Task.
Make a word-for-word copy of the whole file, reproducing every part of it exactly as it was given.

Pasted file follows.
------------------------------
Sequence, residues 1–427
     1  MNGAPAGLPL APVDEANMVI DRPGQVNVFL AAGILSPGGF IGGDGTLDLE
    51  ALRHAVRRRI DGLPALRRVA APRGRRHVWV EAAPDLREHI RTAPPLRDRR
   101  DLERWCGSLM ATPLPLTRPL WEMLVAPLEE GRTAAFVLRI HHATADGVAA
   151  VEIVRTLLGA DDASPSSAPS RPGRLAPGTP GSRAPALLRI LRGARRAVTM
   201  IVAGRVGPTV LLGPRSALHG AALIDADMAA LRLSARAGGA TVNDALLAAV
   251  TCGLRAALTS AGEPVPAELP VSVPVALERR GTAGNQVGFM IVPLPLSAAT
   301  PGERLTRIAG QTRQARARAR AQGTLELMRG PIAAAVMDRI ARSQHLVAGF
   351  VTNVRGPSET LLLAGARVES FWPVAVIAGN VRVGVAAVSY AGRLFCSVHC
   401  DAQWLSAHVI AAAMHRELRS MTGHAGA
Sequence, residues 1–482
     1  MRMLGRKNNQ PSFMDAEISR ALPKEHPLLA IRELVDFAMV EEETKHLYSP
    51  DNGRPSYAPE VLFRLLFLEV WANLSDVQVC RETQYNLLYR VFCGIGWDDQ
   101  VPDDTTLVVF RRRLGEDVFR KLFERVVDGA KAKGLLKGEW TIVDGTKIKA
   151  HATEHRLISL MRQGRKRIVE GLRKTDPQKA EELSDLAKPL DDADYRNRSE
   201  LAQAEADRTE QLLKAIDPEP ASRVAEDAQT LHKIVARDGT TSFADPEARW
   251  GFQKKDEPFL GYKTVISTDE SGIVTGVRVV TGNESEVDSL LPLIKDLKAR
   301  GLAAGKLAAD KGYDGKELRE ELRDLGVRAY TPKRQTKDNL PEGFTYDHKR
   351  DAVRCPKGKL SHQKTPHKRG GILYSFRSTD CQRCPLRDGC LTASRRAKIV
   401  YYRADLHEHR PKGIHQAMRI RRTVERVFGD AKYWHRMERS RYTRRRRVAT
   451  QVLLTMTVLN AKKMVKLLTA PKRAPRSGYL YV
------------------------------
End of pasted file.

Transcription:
Sequence, residues 1–427
     1  MNGAPAGLPL APVDEANMVI DRPGQVNVFL AAGILSPGGF IGGDGTLDLE
    51  ALRHAVRRRI DGLPALRRVA APRGRRHVWV EAAPDLREHI RTAPPLRDRR
   101  DLERWCGSLM ATPLPLTRPL WEMLVAPLEE GRTAAFVLRI HHATADGVAA
   151  VEIVRTLLGA DDASPSSAPS RPGRLAPGTP GSRAPALLRI LRGARRAVTM
   201  IVAGRVGPTV LLGPRSALHG AALIDADMAA LRLSARAGGA TVNDALLAAV
   251  TCGLRAALTS AGEPVPAELP VSVPVALERR GTAGNQVGFM IVPLPLSAAT
   301  PGERLTRIAG QTRQARARAR AQGTLELMRG PIAAAVMDRI ARSQHLVAGF
   351  VTNVRGPSET LLLAGARVES FWPVAVIAGN VRVGVAAVSY AGRLFCSVHC
   401  DAQWLSAHVI AAAMHRELRS MTGHAGA
Sequence, residues 1–482
     1  MRMLGRKNNQ PSFMDAEISR ALPKEHPLLA IRELVDFAMV EEETKHLYSP
    51  DNGRPSYAPE VLFRLLFLEV WANLSDVQVC RETQYNLLYR VFCGIGWDDQ
   101  VPDDTTLVVF RRRLGEDVFR KLFERVVDGA KAKGLLKGEW TIVDGTKIKA
   151  HATEHRLISL MRQGRKRIVE GLRKTDPQKA EELSDLAKPL DDADYRNRSE
   201  LAQAEADRTE QLLKAIDPEP ASRVAEDAQT LHKIVARDGT TSFADPEARW
   251  GFQKKDEPFL GYKTVISTDE SGIVTGVRVV TGNESEVDSL LPLIKDLKAR
   301  GLAAGKLAAD KGYDGKELRE ELRDLGVRAY TPKRQTKDNL PEGFTYDHKR
   351  DAVRCPKGKL SHQKTPHKRG GILYSFRSTD CQRCPLRDGC LTASRRAKIV
   401  YYRADLHEHR PKGIHQAMRI RRTVERVFGD AKYWHRMERS RYTRRRRVAT
   451  QVLLTMTVLN AKKMVKLLTA PKRAPRSGYL YV